This bonus disc definitely makes for a nice companion piece to such a classic record, as these demos are just great to hear in the long run, and get a feel of what direction the group planned to go to, though they don’t really differ much from the tracks on the album. And yes, these demo tracks appear to also be remastered as well. The “1997 Demo” tracks include Chuck on vocals, and honestly, he’s got a fantastic singing voice. Sadly, he sings on the “Breaking The Broken (1999 Demo)” as well, the second one on the disc, and it just is not as enjoyable due to the way he performs, and the vocal effects utilized, but when force is put behind them at certain spots on the song, it’s clear he does have some great talent, leaving it hard for the listener to believe it’s the same man who did all the vocals on every Death album.
The 3 disc 2010 reissue is the same as the 2 disc version, except, obviously, it comes with a bonus disc with more demo material, and is limited to 1,000 copies pressed, and only sold through the Relapse Record’s store. This edition collects the five pre-The Fragile Art of Existence demo recordings, as well as the A Moment of Clarity demo, and features the same kind of packaging, just expanded to fit the third disc. However, this disc also collects much of the remaining demo material that never really saw the light of day outside of promotion to record this band’s album, being taken from the 1999 Chuck Schuldiner Guitar Demo, which is simply Chuck playing guitar with a drum machine, as well as off the official 1996 Demo. The “A Moment of Clarity” recording from the Chuck Schuldiner Guitar Demo, however, is not included. [Of course, this is all just looking at the previous acknowledge demo releases, and assuming. The material may very well not be off these recordings, as there is no indication about it at the time of this review.]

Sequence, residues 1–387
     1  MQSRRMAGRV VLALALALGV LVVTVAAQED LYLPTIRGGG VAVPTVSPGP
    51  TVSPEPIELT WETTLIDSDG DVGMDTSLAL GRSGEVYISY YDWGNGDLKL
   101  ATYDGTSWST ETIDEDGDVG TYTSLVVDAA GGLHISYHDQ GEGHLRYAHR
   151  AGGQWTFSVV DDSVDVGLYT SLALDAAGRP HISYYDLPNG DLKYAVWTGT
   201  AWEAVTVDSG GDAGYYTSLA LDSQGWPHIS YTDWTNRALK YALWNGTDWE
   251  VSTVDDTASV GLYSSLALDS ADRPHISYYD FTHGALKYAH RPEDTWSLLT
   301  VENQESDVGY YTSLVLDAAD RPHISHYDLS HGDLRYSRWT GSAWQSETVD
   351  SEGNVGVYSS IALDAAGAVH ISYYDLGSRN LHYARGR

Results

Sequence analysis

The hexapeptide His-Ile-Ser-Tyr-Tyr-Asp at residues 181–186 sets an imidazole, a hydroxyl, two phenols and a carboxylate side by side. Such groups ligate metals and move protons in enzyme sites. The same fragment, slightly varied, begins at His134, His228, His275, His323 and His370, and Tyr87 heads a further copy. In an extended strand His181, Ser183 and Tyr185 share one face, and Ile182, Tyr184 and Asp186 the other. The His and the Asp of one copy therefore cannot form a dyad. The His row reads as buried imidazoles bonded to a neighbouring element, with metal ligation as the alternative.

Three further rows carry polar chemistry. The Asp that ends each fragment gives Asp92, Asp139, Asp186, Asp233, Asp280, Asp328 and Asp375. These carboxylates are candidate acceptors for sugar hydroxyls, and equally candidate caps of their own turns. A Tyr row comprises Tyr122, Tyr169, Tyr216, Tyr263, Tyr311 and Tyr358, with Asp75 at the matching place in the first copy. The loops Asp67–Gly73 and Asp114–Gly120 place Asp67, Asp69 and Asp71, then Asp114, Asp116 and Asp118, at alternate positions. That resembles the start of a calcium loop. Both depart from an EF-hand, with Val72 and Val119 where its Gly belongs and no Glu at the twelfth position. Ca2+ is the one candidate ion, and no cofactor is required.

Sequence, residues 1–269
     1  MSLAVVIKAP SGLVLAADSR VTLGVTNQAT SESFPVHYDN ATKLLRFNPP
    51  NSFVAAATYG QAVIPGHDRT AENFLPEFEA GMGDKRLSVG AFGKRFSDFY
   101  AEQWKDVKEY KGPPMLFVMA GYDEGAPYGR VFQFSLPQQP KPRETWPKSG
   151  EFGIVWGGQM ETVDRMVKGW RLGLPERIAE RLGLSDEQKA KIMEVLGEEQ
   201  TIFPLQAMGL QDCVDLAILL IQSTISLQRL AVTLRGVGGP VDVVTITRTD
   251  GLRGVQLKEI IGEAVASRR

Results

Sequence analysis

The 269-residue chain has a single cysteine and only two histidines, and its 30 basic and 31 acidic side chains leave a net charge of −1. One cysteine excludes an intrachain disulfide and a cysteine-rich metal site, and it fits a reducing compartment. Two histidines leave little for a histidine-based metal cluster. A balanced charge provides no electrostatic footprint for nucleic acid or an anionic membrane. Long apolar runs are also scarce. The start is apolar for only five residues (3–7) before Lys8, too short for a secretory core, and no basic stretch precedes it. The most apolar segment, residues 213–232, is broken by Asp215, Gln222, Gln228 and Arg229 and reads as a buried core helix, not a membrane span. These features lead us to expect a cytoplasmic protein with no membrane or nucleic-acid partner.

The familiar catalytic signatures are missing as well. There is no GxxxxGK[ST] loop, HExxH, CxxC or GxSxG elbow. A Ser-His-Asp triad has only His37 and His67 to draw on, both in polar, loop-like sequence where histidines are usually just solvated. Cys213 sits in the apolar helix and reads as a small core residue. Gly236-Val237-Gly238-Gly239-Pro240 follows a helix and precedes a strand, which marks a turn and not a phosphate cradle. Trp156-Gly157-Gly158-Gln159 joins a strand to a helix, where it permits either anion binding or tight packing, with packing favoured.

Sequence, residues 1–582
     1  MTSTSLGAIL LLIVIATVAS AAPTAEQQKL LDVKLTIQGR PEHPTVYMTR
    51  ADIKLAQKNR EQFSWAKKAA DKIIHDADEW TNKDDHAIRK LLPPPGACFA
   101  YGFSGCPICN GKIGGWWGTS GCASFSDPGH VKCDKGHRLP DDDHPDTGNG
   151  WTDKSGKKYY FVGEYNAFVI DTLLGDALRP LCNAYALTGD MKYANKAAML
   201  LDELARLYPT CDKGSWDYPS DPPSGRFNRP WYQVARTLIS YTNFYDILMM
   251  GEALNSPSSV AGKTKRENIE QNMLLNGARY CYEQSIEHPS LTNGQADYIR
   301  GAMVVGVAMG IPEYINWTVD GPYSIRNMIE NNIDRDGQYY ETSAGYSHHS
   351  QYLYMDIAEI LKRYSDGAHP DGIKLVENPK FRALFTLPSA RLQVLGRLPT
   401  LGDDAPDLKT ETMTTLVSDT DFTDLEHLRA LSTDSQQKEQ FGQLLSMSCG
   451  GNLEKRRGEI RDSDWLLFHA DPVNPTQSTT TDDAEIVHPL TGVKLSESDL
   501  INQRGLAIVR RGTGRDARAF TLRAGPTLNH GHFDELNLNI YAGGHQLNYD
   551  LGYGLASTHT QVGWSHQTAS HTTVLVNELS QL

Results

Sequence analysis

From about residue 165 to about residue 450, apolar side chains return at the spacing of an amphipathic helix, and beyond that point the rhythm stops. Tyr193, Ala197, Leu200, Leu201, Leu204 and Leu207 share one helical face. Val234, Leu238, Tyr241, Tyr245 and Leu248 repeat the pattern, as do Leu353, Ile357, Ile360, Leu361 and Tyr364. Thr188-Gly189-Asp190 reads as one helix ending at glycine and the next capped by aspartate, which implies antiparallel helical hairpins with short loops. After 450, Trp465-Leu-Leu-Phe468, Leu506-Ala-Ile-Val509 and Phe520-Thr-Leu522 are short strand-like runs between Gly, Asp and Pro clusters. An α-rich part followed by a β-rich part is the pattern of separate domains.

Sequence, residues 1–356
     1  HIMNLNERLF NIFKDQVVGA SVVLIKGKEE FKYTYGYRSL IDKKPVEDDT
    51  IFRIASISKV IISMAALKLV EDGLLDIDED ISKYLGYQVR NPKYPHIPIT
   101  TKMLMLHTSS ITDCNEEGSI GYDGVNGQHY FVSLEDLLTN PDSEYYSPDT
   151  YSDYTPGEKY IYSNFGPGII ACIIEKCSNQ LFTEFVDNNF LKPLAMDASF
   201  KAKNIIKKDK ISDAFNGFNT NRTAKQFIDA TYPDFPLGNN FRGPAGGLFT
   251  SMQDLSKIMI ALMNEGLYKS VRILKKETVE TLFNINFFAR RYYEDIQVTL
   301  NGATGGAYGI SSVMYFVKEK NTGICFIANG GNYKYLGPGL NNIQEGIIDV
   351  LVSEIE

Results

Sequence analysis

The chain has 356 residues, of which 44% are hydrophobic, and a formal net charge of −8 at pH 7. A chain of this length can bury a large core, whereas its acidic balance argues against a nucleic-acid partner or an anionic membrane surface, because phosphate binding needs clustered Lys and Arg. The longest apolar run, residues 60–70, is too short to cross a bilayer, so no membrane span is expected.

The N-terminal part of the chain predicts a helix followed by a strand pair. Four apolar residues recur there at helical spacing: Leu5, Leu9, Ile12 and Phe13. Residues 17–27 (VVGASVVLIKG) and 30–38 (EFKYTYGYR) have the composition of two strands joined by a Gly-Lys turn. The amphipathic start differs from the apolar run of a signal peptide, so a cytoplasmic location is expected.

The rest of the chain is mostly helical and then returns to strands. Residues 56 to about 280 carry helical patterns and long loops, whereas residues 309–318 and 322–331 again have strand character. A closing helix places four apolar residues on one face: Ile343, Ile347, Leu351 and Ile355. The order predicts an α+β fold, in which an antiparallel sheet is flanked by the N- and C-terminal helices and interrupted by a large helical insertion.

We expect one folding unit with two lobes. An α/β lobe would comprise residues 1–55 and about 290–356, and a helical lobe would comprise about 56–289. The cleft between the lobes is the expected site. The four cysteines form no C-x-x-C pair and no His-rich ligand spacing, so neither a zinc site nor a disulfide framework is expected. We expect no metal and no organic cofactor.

What else is there to say about The Fragile Art of Existence that hasn’t already been said repeatedly? This album is a fascinating change of pace from Chuck Schuldiner, given his pioneering days in Death, but Control Denied had enough potential to really offer something great to the Power Metal, as well as Progressive Metal worlds. While not genuinely a conceptual album, the solid flow from high speed to a more mellow approach really makes this album transition well track by track, and nicely shows off the band’s more Progressive side through fantastic performances that show great range by everyone, and just solid Metal, though the closing tracks “Believe” and “Cut Down” don’t quite have the same strengths, coming off a bit bland and as if they are relying heavily on the overall atmosphere that the music is making, which is nice and haunting, but just not solid enough to really carry the tracks along. If you haven’t picked up this piece of history, then now is the time to do it.
01. Disc 1
02. Consumed – 7:24
03. Breaking the Broken – 5:41
04. Expect the Unexpected – 7:18
05. What If…? – 4:30
06. When the Link Becomes Missing – 5:17
07. Believe – 6:10
08. Cut Down – 4:50
09. The Fragile Art of Existence – 9:38
Disc 2 (2 & 3 Disc 2010 Reissue)
Disc 3 (3 Disc 2010 Reissue)
|Initial Pressing Score: 7.5/10
Initial Pressing Score: 8.5/10
Initial Pressing Score: 9/10
All versions provided by review by personal funds except two-disc edition digital review material provided by Relapse Records.